Rebellion and Thrills

I’m still adjusting to LWS (life without school). I love having time to myself now. I love not having anything to do. Life at home shouldn’t be about deadlines. Truly being able to relax for the first time in six years is incredibly wonderful.

I’ve been spending my days of LWS just decompressing. I was lucky I was still functioning by the time school ended. I was so burned out and so tired all the time. I wasn’t sleeping well, and I wasn’t eating properly. I’ve messed up my digestive system so badly that I’m now on a gluten free, lactose free diet to try to get things to settle down again. I’ll eventually add food groups back in, but for now it’s nice to have things on an even keel.

I ended the week by visiting a tattoo shop. I had two tattoos already, and the same tattoo artist did them both. Unfortunately, she’s on a medical leave of absence. I took a leap of faith and when I said I wanted a tattoo, they asked if I wanted it done right then, I said, “sure”. I ended up with a very nice guy named Danny. Going on impulse again, I asked to have the lyrics from a favorite song tattooed on my arm.

IMG_0183Yes, I like my music loud and with a harder edge. A song called, “Life is Beautiful” by Sixx:A.M. spoke to me. It has a line that mentions, “there’s nothing like a funeral to make you feel alive”. While I understand that this actually refers to a heroin overdose, it reminded me that it took my father’s dying when I was 28 to finally make me look around and realize I was wasting my life sitting at home every night, and if I didn’t change something, I was going to end up very much alone. His passing is what pushed me to get up and get out of the house and find someone to love. I met my husband when I was 29.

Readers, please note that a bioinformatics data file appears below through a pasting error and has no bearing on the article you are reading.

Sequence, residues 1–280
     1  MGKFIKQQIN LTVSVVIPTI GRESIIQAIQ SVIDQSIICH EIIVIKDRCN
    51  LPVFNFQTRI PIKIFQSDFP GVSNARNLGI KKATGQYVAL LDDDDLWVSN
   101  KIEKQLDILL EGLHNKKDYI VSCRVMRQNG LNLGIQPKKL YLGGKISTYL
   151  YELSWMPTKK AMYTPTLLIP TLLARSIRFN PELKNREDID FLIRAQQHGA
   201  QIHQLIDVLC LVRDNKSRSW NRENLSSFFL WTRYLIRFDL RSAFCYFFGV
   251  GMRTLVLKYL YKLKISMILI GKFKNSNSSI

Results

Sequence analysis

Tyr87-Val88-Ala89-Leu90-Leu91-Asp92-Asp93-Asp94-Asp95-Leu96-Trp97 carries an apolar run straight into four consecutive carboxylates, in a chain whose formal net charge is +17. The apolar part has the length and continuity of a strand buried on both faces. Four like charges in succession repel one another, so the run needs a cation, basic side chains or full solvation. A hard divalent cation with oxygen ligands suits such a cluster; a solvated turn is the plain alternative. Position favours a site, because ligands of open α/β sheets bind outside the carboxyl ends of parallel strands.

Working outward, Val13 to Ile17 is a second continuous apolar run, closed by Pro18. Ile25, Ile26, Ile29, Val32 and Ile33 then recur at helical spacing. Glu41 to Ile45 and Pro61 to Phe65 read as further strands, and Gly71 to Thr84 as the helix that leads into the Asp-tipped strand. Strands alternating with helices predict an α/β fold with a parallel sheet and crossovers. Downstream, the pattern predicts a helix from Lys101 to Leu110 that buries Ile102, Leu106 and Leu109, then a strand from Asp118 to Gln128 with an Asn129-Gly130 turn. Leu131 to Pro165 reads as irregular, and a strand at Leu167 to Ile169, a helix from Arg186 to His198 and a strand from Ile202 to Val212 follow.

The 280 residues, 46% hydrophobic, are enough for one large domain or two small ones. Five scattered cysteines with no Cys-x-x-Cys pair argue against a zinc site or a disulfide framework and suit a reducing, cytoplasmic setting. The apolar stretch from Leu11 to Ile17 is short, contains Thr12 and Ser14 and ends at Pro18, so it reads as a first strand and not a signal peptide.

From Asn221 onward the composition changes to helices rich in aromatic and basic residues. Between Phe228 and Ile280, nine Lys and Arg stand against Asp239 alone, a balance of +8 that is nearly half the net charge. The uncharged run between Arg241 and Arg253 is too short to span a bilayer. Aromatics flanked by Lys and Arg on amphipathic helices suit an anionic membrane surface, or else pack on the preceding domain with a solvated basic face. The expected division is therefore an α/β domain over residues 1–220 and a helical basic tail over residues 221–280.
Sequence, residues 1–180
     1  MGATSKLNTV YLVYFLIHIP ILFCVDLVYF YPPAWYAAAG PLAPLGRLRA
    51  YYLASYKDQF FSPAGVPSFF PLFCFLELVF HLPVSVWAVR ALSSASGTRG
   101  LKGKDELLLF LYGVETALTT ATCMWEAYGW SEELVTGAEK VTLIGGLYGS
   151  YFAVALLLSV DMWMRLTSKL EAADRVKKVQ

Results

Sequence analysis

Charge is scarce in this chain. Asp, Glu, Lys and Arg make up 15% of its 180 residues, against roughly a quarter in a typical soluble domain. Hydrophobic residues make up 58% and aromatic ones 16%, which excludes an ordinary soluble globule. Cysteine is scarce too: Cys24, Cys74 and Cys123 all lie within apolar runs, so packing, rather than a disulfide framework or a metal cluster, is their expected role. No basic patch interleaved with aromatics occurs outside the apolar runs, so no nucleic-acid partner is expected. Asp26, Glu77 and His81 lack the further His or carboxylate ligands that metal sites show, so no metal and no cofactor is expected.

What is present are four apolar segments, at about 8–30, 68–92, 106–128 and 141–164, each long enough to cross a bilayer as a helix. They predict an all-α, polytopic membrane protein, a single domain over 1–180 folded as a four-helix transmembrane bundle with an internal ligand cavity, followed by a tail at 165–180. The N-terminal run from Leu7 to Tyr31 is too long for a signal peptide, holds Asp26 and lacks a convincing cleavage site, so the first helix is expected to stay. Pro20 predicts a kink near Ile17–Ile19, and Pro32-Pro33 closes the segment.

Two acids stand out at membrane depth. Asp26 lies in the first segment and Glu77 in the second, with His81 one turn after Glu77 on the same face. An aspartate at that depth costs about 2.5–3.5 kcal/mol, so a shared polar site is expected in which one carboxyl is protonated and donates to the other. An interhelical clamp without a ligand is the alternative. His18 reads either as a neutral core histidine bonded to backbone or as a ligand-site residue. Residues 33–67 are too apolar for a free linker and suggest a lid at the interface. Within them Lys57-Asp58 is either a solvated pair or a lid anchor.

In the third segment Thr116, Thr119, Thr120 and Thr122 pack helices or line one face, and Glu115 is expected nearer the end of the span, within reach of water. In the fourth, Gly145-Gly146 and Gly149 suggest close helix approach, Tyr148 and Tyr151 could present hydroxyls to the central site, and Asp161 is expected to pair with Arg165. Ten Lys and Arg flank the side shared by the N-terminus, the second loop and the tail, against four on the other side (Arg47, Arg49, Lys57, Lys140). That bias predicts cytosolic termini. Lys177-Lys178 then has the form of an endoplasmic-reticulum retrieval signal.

So my newest ink is in reference to the fact that life truly is beautiful. It’s also meant to be lived.

My mother would never have approved of me getting tattooed. She objected to pierced ears. I had to wait until I was 21 to get my ears pierced. Two ladies I worked with took me on a lunch break to an ear-piercing jewelry counter at a department store located downtown near where we worked. Years later, at a different employer, a coworker got a tattoo, and I always wanted one. I was married and out on my own at the time, but I still hesitated because I knew my mother would have been disappointed in me.